It may be that he had been suffering but simply put it down to old age and being - let’s be honest - overweight and not particularly fit. Symptoms such as tiredness and joint pain would not have been unexpected, but where they an indicator or a more serious problem? Again, who knows?

Branching off again perhaps he did know his ticker was playing up and again I ask myself why he didn’t do something, given his obvious zest for life  - never more apparent than in the years after Papworth Hospital saved his life in 2003.

This throws up a number of answers - in my head anyway - some more palatable than others.

One that is perhaps the hardest to accept is that he believed his time was up. Even I know that 14 years with out intervention after such major surgery is pretty good going, so it seems the tablets were doing their job. It may have been in the back of his mind too that his own father died at 64 - the same age - as did his elder brother Malcolm, while his eldest sister only made 62. I think this played on his mind somewhat as when he was discussing getting his pension he often used to say ‘If I make it that far’. I assumed he was joking. This I think is the least likely scenario given, as I mentioned above, his enthusiasm for life but it is a possibility - in the large open spaces in my skull anyway.

Perhaps he didn’t want to risk going through any more surgery. He’d said a number of times what a great life he’d had and that if he went tomorrow he’d have no regrets. Maybe the possibility of a less active and maybe fulfilling life was not one he relished and preferred to continue as per for as long as he could?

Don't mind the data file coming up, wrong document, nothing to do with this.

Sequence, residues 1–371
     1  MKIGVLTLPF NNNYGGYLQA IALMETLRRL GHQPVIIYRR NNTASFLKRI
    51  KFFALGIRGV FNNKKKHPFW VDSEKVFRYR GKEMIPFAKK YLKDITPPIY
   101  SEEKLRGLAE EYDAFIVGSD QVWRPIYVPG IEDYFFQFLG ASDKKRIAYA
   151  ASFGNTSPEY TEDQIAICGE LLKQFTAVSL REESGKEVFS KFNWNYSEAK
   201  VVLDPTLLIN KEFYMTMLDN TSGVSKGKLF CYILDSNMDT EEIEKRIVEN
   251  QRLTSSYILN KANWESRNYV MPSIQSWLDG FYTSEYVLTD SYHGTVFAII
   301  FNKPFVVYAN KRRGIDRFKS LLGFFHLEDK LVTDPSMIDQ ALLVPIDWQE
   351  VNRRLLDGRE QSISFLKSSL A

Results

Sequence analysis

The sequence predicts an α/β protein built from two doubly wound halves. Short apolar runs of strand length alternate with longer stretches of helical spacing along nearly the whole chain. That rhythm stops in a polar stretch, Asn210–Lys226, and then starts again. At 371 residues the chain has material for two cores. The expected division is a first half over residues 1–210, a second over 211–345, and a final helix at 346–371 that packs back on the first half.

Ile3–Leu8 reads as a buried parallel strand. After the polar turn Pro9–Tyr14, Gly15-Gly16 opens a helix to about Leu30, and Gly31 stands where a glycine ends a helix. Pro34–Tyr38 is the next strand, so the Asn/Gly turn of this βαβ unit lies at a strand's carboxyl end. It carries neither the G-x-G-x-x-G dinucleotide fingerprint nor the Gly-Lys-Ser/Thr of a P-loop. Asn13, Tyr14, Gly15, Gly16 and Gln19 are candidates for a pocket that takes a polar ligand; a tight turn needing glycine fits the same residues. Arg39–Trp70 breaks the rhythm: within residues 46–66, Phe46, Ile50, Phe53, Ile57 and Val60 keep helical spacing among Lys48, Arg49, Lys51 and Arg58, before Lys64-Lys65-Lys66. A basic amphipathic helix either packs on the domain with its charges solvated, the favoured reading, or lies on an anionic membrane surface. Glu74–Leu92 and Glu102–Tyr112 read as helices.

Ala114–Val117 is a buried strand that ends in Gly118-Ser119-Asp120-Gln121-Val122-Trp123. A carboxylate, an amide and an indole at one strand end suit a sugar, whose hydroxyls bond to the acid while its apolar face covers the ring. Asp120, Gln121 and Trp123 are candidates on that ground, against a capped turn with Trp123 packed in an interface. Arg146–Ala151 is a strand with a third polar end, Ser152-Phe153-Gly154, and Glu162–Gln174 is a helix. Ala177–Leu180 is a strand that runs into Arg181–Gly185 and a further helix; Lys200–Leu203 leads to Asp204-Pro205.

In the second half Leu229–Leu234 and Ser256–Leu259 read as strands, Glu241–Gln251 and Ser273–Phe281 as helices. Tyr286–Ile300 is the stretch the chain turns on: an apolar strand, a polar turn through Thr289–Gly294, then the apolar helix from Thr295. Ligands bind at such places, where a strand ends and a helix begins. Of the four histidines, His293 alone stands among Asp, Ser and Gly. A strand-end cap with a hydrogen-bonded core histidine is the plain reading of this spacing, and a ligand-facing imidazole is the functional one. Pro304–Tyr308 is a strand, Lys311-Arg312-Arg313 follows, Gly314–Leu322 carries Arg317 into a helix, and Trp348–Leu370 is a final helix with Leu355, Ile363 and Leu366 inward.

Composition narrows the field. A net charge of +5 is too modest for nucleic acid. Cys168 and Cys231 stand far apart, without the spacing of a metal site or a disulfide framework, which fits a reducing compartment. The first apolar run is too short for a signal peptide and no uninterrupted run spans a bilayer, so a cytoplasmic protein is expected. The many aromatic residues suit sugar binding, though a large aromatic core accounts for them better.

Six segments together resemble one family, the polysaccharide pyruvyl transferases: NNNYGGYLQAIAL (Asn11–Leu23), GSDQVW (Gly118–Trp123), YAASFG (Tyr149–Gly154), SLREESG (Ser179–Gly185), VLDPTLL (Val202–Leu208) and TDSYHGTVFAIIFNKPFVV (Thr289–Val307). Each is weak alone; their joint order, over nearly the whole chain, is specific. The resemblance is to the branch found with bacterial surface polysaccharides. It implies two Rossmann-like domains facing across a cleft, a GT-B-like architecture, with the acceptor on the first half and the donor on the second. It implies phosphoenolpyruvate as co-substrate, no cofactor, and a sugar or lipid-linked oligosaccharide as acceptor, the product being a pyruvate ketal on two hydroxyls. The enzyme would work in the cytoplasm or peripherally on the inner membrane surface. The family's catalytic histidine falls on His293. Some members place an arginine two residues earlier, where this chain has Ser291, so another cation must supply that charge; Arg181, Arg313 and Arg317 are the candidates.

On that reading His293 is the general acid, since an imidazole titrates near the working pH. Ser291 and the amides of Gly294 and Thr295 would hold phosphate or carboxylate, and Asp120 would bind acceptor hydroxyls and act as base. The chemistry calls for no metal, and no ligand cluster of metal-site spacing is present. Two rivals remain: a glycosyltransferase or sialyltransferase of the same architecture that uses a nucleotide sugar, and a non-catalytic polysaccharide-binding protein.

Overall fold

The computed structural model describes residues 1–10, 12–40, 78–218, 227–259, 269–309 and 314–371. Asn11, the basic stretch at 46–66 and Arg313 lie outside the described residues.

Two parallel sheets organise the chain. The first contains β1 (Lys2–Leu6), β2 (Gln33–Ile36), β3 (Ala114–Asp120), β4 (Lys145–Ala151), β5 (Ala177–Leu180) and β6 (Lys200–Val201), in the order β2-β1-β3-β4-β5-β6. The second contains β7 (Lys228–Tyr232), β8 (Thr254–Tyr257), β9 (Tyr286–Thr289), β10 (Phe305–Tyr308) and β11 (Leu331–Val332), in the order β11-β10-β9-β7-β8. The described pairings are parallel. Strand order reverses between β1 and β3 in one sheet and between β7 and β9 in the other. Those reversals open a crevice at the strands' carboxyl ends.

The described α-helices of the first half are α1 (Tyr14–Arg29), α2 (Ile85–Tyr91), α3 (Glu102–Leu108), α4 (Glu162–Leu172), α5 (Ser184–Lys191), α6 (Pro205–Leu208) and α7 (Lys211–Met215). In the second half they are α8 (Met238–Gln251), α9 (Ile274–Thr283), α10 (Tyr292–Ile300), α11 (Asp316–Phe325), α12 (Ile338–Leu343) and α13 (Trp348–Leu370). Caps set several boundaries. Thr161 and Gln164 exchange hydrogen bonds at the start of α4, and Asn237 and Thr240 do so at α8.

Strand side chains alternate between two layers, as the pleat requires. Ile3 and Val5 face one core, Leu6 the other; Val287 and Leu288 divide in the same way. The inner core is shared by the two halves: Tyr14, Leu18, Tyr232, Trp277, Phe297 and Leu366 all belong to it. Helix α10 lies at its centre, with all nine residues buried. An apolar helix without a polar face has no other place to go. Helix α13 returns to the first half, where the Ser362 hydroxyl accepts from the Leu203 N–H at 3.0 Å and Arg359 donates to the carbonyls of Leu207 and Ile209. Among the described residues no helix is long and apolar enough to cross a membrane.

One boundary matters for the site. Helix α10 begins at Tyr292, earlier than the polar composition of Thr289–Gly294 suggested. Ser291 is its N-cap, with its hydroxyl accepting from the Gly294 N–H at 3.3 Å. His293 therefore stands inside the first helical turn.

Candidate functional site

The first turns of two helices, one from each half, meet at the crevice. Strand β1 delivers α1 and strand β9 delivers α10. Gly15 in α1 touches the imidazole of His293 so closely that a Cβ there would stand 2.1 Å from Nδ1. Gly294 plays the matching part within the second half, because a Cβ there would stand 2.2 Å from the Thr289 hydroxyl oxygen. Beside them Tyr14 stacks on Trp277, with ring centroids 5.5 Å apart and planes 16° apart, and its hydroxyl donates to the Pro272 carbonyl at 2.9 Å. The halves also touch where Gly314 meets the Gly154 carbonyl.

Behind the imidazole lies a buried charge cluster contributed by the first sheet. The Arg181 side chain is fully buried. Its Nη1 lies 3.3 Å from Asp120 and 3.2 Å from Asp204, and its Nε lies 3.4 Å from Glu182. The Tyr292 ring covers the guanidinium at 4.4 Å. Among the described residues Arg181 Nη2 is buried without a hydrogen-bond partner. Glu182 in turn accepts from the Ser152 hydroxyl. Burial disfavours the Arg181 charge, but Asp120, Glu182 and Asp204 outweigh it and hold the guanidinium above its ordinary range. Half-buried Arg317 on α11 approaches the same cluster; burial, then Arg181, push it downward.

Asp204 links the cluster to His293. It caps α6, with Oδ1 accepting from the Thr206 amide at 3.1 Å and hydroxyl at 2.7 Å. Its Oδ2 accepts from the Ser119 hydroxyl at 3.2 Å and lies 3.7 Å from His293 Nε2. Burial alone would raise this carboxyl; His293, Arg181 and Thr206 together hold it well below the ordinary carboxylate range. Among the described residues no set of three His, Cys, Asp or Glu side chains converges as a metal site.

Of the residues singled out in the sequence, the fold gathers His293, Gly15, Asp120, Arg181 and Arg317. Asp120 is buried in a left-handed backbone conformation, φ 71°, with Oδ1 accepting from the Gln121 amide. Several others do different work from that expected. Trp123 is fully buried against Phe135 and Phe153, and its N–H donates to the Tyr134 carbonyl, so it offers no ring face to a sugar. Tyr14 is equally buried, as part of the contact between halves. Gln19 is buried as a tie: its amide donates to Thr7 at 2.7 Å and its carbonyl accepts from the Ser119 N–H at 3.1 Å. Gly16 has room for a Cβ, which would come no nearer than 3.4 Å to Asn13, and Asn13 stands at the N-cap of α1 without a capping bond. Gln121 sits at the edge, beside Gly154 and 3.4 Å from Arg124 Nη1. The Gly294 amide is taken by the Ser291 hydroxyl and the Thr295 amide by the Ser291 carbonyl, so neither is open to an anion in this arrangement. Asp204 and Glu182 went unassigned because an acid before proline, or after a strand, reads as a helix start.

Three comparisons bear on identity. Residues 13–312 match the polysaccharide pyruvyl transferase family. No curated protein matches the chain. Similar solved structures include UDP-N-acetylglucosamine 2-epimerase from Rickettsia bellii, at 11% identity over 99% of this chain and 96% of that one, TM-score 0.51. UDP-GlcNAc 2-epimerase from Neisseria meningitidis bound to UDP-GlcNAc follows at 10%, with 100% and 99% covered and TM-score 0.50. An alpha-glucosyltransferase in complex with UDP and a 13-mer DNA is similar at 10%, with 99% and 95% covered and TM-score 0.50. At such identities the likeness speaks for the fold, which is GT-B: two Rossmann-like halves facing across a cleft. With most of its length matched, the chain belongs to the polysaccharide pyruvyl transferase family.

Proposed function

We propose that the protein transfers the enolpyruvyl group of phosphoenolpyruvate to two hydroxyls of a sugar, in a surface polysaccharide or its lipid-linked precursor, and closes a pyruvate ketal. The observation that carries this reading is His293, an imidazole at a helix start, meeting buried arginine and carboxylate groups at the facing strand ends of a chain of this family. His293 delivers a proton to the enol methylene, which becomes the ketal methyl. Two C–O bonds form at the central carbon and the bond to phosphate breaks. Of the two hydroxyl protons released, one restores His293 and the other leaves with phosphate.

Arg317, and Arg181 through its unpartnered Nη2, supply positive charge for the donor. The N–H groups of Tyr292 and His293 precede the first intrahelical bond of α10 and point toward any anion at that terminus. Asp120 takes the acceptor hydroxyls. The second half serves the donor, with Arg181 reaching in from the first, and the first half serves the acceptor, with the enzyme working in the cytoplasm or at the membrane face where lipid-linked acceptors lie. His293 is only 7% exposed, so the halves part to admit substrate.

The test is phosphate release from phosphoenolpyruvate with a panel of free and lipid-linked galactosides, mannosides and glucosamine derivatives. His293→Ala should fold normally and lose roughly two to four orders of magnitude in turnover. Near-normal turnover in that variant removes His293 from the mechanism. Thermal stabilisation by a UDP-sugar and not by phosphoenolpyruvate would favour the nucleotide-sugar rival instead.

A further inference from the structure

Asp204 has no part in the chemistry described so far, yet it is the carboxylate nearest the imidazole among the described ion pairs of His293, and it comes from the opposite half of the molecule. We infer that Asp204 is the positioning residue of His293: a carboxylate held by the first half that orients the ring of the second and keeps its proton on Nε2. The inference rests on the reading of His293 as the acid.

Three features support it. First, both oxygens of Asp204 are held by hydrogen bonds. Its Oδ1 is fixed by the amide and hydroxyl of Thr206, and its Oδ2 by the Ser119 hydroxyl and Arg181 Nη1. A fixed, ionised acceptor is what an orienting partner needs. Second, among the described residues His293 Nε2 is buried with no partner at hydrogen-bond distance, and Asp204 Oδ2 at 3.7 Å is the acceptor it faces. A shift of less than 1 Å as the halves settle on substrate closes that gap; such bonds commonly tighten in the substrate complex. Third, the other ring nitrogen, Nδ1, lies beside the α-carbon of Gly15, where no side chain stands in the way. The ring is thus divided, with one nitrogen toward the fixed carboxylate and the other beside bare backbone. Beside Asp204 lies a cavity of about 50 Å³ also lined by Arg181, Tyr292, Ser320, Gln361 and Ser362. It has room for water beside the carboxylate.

It may be that he recognised any discomfort as symptoms of something serious but was putting off doing anything about it. Maybe he’d planned to go to the GP at the end of our trip, not wanting to disrupt what was a wonderful time. Caravanning, sun, grog, grub and some serious chinwagging. He was in his element it has to be said and it was turning out to be one of our best summer trips ever. He perhaps just didn’t want it to stop. But stop it did, quite tragically on August the 1st.

So, unanswered questions. As I said , they don’t keep me awake, neither do I get upset when pondering them as knowing the answers will not bring him back but I guess it’s inevitable that we want to look for answers - and it’s probably good that we do.

Generally though things are going ok. Practically I feel I’ve adapted pretty well. The house is clean, the washing is up to date, I’m keeping myself fed with something other than ready meals and takeaways.

Sleep is still an issue - whilst I’ve been dropping off ok, its returning to sleep in the early hours that’s been a problem. Although saying that I did manage seven hours unbroken one night this week so maybe things are looking up.

It’s the memorial service at the school tomorrow which I’m both looking forward to and slightly nervous about. More on how that went next time. Then the day after I’m heading to Colchester for the Christening on Sunday. It will be good to catch up with the family again under happier circumstances.

Right, thanks as ever for your comments on last weeks blog post. I do really appreciate them.

Until next time,

Cheers & Beers


Monday, 1 October 2018

2 Months

100_3778Here's his lordship from 2004 I think in Australia. Looks like he'd had a few!

Note the Papworth Hospital T-shirt. He’s not long finished cardiac rehab and as soon as they gave him the all clear to fly, we booked the flights.